Source: I-Net Bridge

The quote du jour relates to the stress test and belongs to Bill King (The King Report), who said: “A major problem with the ‘stress test’ is it depends on modeling and it’s the precise practice responsible for much of this economic and financial mess. It’s extraordinary that so many people believe that the Fed and Treasury, after missing the financial disaster, housing debacle, recession and derivative implosion, can now extrapolate economic conditions and resultant financial effects from its models. How did all that rocket-science modeling for subprime defaults and securitization workout? Yet many people already forget or ignore this reality.”

Next, a tag cloud of all the articles I read during the past week. This is a way of visualizing word frequencies at a glance. Key words such as “market”, “stock”, “economic”, “economy”, “bank” and “financial” again featured prominently. Let’s hope “flu” does not stake its claim among the dominant words over the next few weeks.


But back to the stock market. In order to gather some perspective on the current stock market rally, Chart of the Day highlighted the duration (calendar days) and magnitude (percentage gain) of all significant Dow rallies that occurred during the 1929-1932 bear market (solid blue dots). By means of illustration, the bear market rally that began in October 1931 lasted 35 calendar days and resulted in a gain of 35%. “… the current Dow rally (hollow blue dot labeled ‘You are here’) is slightly below average in both duration and magnitude relative to the average 1929-1932 bear market rally (hollow red dot),” said Chart of the Day.


Source: Chart of the Day, May 1, 2009.

As shown in the table below, the 50-day moving averages have been cleared comfortably by all the major US indices and the early January highs are the next important targets. As a matter of fact, the Nasdaq Composite Index is already above this level. It has to rise by a further 2.1% in order to reach the key 200-day moving average - an indicator often used to distinguish between primary bull and bear markets. On the downside, the levels from where the nascent rally commenced on March 9 should hold in order for the upward trend to remain intact.


Two S&P 500 sectors - Consumer Discretionary (XLY) and Technology (XLK) - have actually just broken above their 200-day moving averages. Bespoke said: “This … signals the end to a long-term downtrend and the confirmation of an uptrend. It’s also a positive for the overall market that two cyclical sectors (one that is extremely tied to the consumer) are the first ones to break above their 200-days.”

Still talking technical analysis, Kevin Lane of Fusion IQ said: “The S&P 500 Index had stalled at the 878 level on three separate occasions over the past five months. However, prices then subsequently gave way to profit-taking and closed back below that level. Only a close above that level would open the way to higher prices.

“On the sentiment front, the CBOE Equity Put/Call Ratio, the AAII Bearish Sentiment Survey and the VIX’s deviation from its 50-day moving average have all moderated from constructive levels to more neutral levels. … these indicators are not at levels that would suggest sentiment is overly bullish yet, but their deterioration is enough cause for concern that a corrective wave may occur.”

“All the things are in place for the bear market to have ended,” Anthony Bolton, president of investments at Fidelity International in London, said in an interview with Bloomberg Television. “When there’s a strong consensus, a very negative one, and cash positions are very high, as they are at the moment, I’d like to bet against that.”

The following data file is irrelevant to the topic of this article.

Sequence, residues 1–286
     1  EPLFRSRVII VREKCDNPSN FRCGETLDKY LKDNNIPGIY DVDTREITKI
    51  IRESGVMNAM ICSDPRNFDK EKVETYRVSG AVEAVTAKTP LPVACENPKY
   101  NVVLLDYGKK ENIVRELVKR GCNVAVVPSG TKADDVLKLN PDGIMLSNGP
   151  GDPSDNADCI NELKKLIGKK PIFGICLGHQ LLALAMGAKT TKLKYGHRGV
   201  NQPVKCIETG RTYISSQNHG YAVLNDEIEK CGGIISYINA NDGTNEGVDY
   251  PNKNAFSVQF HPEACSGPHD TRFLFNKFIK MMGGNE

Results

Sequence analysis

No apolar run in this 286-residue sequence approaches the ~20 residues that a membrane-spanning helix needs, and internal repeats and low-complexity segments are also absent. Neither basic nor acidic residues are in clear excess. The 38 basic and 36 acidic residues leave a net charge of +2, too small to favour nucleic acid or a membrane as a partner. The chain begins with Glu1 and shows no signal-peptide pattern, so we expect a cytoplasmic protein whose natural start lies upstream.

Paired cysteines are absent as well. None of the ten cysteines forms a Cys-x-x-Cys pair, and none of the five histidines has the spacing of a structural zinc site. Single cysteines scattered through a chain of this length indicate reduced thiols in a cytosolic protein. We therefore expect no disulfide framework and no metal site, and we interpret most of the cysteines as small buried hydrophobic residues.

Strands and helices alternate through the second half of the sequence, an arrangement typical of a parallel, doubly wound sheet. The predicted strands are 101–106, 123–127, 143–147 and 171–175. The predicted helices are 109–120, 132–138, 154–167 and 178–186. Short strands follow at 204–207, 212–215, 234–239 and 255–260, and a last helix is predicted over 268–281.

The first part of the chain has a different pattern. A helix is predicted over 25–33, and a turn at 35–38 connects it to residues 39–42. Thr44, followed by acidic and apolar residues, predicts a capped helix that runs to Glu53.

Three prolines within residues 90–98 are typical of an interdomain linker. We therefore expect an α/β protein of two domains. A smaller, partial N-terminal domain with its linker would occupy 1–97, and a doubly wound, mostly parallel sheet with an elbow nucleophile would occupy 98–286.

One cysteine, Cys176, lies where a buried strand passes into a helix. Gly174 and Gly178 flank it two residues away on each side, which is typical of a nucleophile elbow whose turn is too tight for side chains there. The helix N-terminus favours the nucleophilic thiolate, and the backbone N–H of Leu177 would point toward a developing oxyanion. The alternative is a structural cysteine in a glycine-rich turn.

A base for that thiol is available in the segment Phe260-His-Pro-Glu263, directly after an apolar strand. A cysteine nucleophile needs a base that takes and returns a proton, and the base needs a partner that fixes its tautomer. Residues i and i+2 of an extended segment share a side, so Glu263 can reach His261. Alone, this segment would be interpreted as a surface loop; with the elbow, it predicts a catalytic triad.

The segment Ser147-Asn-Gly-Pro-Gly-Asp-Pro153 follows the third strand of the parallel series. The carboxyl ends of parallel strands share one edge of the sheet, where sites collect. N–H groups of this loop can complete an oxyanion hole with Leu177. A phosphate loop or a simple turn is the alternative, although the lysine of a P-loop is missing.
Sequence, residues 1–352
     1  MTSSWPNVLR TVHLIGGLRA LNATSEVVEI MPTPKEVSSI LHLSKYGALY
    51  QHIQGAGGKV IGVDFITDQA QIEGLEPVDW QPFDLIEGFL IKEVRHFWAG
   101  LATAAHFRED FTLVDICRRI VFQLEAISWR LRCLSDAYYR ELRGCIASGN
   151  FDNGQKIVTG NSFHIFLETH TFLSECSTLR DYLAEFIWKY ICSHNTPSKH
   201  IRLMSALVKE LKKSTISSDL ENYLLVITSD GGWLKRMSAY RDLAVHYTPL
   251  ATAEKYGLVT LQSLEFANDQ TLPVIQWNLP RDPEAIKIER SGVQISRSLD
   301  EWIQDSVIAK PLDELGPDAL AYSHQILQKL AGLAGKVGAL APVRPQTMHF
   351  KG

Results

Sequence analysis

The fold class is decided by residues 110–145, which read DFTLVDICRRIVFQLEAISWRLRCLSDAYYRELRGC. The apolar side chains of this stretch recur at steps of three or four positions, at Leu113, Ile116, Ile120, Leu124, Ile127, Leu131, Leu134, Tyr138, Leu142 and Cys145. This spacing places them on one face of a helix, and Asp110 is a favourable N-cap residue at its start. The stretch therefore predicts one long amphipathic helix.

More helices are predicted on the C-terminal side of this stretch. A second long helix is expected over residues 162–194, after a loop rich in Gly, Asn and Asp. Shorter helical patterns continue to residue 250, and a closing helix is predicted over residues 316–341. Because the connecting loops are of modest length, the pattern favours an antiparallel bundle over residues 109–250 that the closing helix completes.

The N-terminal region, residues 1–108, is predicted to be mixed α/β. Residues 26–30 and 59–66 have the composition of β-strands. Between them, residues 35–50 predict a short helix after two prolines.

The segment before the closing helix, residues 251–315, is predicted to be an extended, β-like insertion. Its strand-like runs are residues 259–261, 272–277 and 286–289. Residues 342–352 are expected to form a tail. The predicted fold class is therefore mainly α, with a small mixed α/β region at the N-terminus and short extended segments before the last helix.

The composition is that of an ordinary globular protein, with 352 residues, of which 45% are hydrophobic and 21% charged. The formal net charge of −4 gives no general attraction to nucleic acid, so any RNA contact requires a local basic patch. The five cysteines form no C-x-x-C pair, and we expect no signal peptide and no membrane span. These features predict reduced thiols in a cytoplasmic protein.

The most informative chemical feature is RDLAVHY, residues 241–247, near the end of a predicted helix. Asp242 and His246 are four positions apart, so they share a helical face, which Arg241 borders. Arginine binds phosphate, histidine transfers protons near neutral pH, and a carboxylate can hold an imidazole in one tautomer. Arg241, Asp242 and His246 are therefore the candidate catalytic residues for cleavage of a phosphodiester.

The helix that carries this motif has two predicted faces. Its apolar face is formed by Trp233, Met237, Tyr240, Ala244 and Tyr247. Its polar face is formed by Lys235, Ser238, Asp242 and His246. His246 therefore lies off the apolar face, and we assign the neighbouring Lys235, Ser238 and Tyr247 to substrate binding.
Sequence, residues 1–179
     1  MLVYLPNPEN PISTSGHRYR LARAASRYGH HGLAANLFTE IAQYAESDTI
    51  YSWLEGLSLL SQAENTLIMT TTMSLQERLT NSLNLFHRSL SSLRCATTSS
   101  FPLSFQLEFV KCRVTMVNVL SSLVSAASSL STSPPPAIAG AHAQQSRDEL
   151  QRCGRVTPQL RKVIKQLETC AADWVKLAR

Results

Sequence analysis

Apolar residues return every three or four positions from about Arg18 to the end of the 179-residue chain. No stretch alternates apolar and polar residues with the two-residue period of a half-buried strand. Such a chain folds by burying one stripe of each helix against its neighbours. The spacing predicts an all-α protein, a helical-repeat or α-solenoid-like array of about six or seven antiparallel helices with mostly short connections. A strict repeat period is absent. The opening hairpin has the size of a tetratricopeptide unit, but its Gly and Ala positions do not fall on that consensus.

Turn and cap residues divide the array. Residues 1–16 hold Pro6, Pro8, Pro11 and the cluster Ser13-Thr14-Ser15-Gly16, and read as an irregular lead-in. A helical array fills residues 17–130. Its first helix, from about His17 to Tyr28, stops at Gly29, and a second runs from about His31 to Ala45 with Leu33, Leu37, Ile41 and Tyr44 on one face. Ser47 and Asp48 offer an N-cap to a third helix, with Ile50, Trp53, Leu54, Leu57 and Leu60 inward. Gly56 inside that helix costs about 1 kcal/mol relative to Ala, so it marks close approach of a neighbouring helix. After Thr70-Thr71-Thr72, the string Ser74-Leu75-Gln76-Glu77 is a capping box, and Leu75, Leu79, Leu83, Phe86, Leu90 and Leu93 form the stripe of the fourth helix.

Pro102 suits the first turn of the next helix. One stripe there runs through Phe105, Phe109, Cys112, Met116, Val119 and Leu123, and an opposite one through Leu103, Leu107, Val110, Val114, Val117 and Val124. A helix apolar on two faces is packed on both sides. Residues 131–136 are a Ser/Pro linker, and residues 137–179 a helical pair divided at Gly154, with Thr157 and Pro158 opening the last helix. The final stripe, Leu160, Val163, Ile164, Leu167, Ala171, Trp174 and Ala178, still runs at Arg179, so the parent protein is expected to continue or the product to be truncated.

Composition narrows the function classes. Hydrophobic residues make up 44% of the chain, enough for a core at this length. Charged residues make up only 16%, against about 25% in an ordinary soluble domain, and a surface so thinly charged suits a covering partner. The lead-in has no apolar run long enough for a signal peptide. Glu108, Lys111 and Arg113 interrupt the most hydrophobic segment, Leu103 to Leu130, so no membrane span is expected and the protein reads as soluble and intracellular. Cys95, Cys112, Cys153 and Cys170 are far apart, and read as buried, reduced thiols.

Remaining across the pond, David Fuller (Fullermoney) put matters in context as follows: “Base formations, confirming not only the ending of a bear market but the beginning of a new bull market, come in all shapes and sizes. The leading stock markets, which generally have better fundamentals, usually form smaller bases before commencing their uptrends, as we have seen with China and a number of other emerging markets from Asia to South America. Fundamentally weaker markets, such as the US and most of Europe, require a longer convalescence before a significant recovery occurs. This explains the new lows in late February and early March.

“This impressive rally is overextended in the short term, so we can expect it to spill over into a reaction and consolidation before long. The recent uptrend consistency will be followed by some choppy action as legitimate fundamental concerns remain.”

The last (cautionary) word goes to Richard Russell, writer of the Dow Theory Letters newsletter: “On the bear market decline, we never saw the great values that usually appear at major bear market bottoms. The ‘great value’ area is the place where I would normally suggest that investors load up with blue-chip stocks. For this reason, I would prefer waiting out this rally or making a limited trade with DIAs [Dow Diamonds ETF] with stops. I continue to believe this is an upward correction in an ongoing primary bear market. I note that many observers are saying that ‘this is a market that won’t go down’. Believe me, all markets go up - and all markets go down.”

And here is the venerable R man taking the bull by the horns!


For more discussion about the direction of stock markets, also see my recent posts “Video-o-rama: Investors “look past the valley“, “Sell in May and go away: Fact or fallacy?” and “Donald Coxe - Investment recommendations (April 2009)” (And also make a point of listening to Coxe’s webcast of May 1, which can be accessed from the sidebar of the Investment Postcards site.)